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Absurd Fed Ct TRO halts enforcement of entire Executive Order on visas, refugees

Absurd Fed Ct TRO halts enforcement of entire Executive Order on visas, refugees

Contrast with Massachusetts federal court, which ruled that most of EO was lawful.

A federal court in the Western District of Washington in Seattle last night effectively stripped the Trump administration of its power to determine the parameters of who may enter the country.

For my prior analysis of how the EO has been mischaracterized by opponents as a “Muslim Ban” and in other ways, see these prior posts:

You can read the Motion for a TRO in the Seattle case, the government’s Opposition, and the Court Order at the links. The Court Order also is embedded in at the end of this post.

Technically, the TRO issued by Judge James L. Robart only halts enforcement of the Executive Order on visas and refugees.

But to do so amounts to substituting the judgment of a court and/or plaintiffs as to what constitutes legitimate security concerns. Those are areas, however, which are reserved to the president and as to which courts are required to give great deference.

Here is the argument before the court (h/t Powerline)(the Judge’s Opinion starts at 55:24 and is not much more specific than what was in the written TRO):

By contrast, read the decision (full embed at bottom of post), also issued yesterday, by the District Court in Massachusetts refusing to extend a TRO because those security decisions were beyond the purview of the courts (case citations omitted in the quote below):

The decision to prevent aliens from entering the country is a “fundamental sovereign attribute” realized through the legislative and executive branches that is “largely immune from judicial control.” …. Federal classifications based on alien status are evaluated using rational basis review…. Rational basis review examines whether the “classification at issue bears some fair relationship to a legitimate public purpose.” … It is “not a license for courts to judge the wisdom, fairness, or logic of legislative choices.” …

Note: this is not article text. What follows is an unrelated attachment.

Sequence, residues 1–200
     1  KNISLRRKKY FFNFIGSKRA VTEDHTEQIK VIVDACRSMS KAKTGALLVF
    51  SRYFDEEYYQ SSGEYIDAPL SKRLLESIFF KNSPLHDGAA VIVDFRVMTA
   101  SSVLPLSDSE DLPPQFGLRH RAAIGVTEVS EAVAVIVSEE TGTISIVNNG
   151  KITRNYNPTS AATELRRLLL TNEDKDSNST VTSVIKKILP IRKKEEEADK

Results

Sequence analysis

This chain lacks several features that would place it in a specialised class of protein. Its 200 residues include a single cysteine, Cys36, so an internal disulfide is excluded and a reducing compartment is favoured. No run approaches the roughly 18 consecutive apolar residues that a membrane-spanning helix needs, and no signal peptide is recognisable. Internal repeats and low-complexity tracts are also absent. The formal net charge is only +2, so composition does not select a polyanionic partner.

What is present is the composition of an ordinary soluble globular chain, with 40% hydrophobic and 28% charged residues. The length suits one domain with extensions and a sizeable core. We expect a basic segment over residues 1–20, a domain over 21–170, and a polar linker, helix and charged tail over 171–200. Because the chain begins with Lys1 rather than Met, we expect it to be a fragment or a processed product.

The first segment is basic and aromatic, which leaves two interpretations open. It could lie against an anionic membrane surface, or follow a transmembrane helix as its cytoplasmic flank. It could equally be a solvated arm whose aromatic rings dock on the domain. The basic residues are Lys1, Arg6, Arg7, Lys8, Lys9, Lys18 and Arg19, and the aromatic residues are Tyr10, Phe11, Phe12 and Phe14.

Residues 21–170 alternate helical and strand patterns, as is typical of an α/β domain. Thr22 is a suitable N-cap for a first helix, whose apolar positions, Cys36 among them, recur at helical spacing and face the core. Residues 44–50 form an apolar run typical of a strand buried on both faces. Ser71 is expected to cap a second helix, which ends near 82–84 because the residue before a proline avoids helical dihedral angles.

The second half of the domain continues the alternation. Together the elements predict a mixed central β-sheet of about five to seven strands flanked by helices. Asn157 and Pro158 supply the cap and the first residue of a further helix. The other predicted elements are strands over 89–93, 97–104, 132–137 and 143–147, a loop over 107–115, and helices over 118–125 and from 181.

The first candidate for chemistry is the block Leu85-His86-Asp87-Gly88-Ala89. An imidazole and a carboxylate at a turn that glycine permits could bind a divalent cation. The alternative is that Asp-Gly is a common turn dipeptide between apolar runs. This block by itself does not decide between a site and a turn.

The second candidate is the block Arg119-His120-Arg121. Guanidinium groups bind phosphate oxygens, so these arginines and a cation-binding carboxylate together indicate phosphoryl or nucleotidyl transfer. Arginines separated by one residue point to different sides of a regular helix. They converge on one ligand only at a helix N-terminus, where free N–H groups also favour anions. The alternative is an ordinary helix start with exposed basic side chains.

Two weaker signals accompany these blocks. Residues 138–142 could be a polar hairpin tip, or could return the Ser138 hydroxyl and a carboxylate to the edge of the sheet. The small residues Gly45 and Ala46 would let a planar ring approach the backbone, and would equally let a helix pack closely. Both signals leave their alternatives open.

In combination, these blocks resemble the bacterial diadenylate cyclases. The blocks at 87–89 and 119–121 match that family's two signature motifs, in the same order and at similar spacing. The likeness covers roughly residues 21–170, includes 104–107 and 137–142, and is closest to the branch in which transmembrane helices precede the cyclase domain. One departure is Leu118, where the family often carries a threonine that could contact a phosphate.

Under rational basis review, a classification is permissible “if there is any reasonably conceivable state of facts that could provide a rational basis.” … Because the EO involves federal government categorizations with respect to non-resident aliens, rational basis review applies. According to the EO, its purpose is to ensure the proper review and maximum utilization of available resources for the screening of foreign nationals, and to ensure that adequate standards are established to prevent infiltration by foreign terrorists . . . . Exec. Order 13,769 § 3(c). The EO specifically asserts that permitting aliens from the countries identified in section 217(a) of the INA, 8 U.S.C. § 1187(a)(12), to enter “would be detrimental to the United States.” The order provides a reasonably conceivable state of facts [which concerns national security and] that could provide a rational basis for the classification….

Accordingly, this Court declines to encroach upon the “delicate policy judgment” inherent in immigration decisions…..

The Massachusetts court addressed and rejected the claim that the EO was unconstitutional discrimination or that those seeking to enter or reenter the U.S., including F-1 visa holders, were deprived of due process:

Moreover, the language in Section 5 of the EO is neutral with respect to religion. Plaintiffs ubmit in their amended complaint that Section 5 favors Muslims over Christians, in violation of the Establishment Clause. The provisions of Section 5, however, could be invoked to give preferred refugee status to a Muslim individual in a country that is predominately Christian. Nothing in Section 5 compels a finding that Christians are preferred to any other group….